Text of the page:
“My brother, I am here in darkness,” Lochode says as he urges this writer to take a seat. “These Umeme people are not fair. Why do they...” this writer replies before Lochode clarifies, “No I am blind. I cannot see.”
Before getting into the details of how he became blind, Lochode shares his life story.
Lochode’s name may not ring a bell to anyone who started listening to radio years after government liberalised the airwaves in 1993 or to many a radio listener who were not enthusiasts of Radio Uganda.
The 56-year-old is lanky, grey haired and has a husky voice. His was the voice behind Listeners’ Favourite, a programme that aired on Sunday evenings on Radio Uganda from as far back as 1988. One of the memorable aspects about Lochode’s show was his opening phrase; “All Ugandans from A to Z habari gani. All radios should face Karamoja. All cockroaches out...”
“That is how I got the ‘Habari Gani’ moniker,” he explains how he got the name most people know him by, smiling ear to ear. “If you are tracing my home, it is easier to locate by asking for Habari Gani. Few people call me Lochode.”
The programme involved reading listeners’ greetings off postcards and playing their music requests. Habari gani attributes its popularity to his multi lingual ability. “I would send greetings to someone in Karamoja in Karimojong, someone in Kampala in Luganda and do the same for someone in Kabale in Rukiiga,” he narrates. Listeners were impressed that a man from Karamoja spoke Bantu dialects.
Congolese music was the hip choice to play on radio at the time. Not so on Habari Gani’s show. Instead, he played more South African music.
“Every week I would hit town to get the freshest and hottest South African music. Chaka Chaka was the listeners’ favourite,” he says. “I used my money to buy these tapes. To me, it was not about the salary, it was about having a good show. Making people happy,” he says.
In 1993 when Capital FM opened, Lochode was one of the star radio personalities alongside Richard Mulondo, the late Elly Wamala and Peter Sematimba who were hired to do the test broadcasts. He would later reject an offer from Capital because it was challenging to juggle it with his show on Radio Uganda and another job as an accounts officer at Intraship Limited – a logistics company.
For 24 years (from 1988 to 2012) he only did the two jobs. Intraship later collapsed and Spedag was formed. Spedag merged with Interfreight to form Spedag Interfreight. Habari gani stayed with the company during all these evolutions.
One day, in 2012, he went to deposit a company cheque at a bank in Katwe. On his way back, he suddenly suffered slight visual loss. “It felt like someone was covering my eyes with his hands. But there was no one when I turned,” he recalls. “The predicament persisted to the next day. Soon reading became a problem.”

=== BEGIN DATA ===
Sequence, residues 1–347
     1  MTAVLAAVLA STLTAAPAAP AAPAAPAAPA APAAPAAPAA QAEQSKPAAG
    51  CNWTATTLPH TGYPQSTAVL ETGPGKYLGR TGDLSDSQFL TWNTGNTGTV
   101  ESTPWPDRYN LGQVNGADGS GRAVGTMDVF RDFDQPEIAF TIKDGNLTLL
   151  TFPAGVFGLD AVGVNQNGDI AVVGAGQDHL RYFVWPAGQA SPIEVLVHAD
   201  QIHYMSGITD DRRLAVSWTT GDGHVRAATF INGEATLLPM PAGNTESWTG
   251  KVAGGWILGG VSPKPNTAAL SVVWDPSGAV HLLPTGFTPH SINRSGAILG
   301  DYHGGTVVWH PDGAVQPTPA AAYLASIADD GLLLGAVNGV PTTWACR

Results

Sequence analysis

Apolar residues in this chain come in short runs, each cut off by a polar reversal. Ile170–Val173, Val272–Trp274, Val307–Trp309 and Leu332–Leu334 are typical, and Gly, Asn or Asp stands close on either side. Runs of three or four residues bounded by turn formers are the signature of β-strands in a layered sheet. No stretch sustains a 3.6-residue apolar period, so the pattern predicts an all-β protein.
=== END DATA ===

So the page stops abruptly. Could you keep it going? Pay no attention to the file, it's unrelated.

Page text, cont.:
He went to a clinic for treatment. But, he says, the situation instead worsened. He, in turn, went to Mulago hospital. He was informed that the problem was at the back of his eyes. They termed it as a cataract. An operation was recommended but his friend, a doctor, advised him not to go for one. However, he took the medication he was given. He visited another hospital in Tororo. There, he was also given eye drops and tablets. The situation was not getting better.
When aksed whether he can place a finger on what caused the loss of his sight, the 56- year speculates; “In early 2012, I was coughing a lot because of TB. I was on medication from Mulago. A friend recommended that I switch to Chinese medicine.” I visited their facility at Container Village in Kampala.
They gave me a lot of tablets and said I should take them together with those I got from Mulago. I was healed of the bad cough. But six months later my journey to becoming blind started. I think [mixing the two] could be the reason for this “darkness” I now live in,” he says in a somber tone.
Today, Habari Gani spends his days in his two – roomed house in a squalid neighbourhood in Namuwongo. He stopped work at Radio Uganda and Spedag Interfreight. The new and unfortunate life in “darkness” stood resolutely in the way of his will to earn a living from the two work stations.
“Life is hard,” he says, quickly running his fingers over his eyes to stem tears, “But in such a situation you have to be a man; be patient and hopeful that one day God will come to your rescue.”
When he had just taken ill, Lochode was receiving salary from the companies that he worked for in the hope that he would have quick recovery and return to work. However, this did not come to pass and thus his salary was halted early this year. “I have no bad blood with anyone. I have no inkling of bitterness,” he states. “I am full of hope that one day I will get my sight back and be able to put bread on my table, again.”
LOCHODE’S LIFE AT A GLANCE
Lochode was born in 1954 in present-day Kabong District. He went to Loik Primary School and Kotido Secondary School – where he dropped out in Senior Three.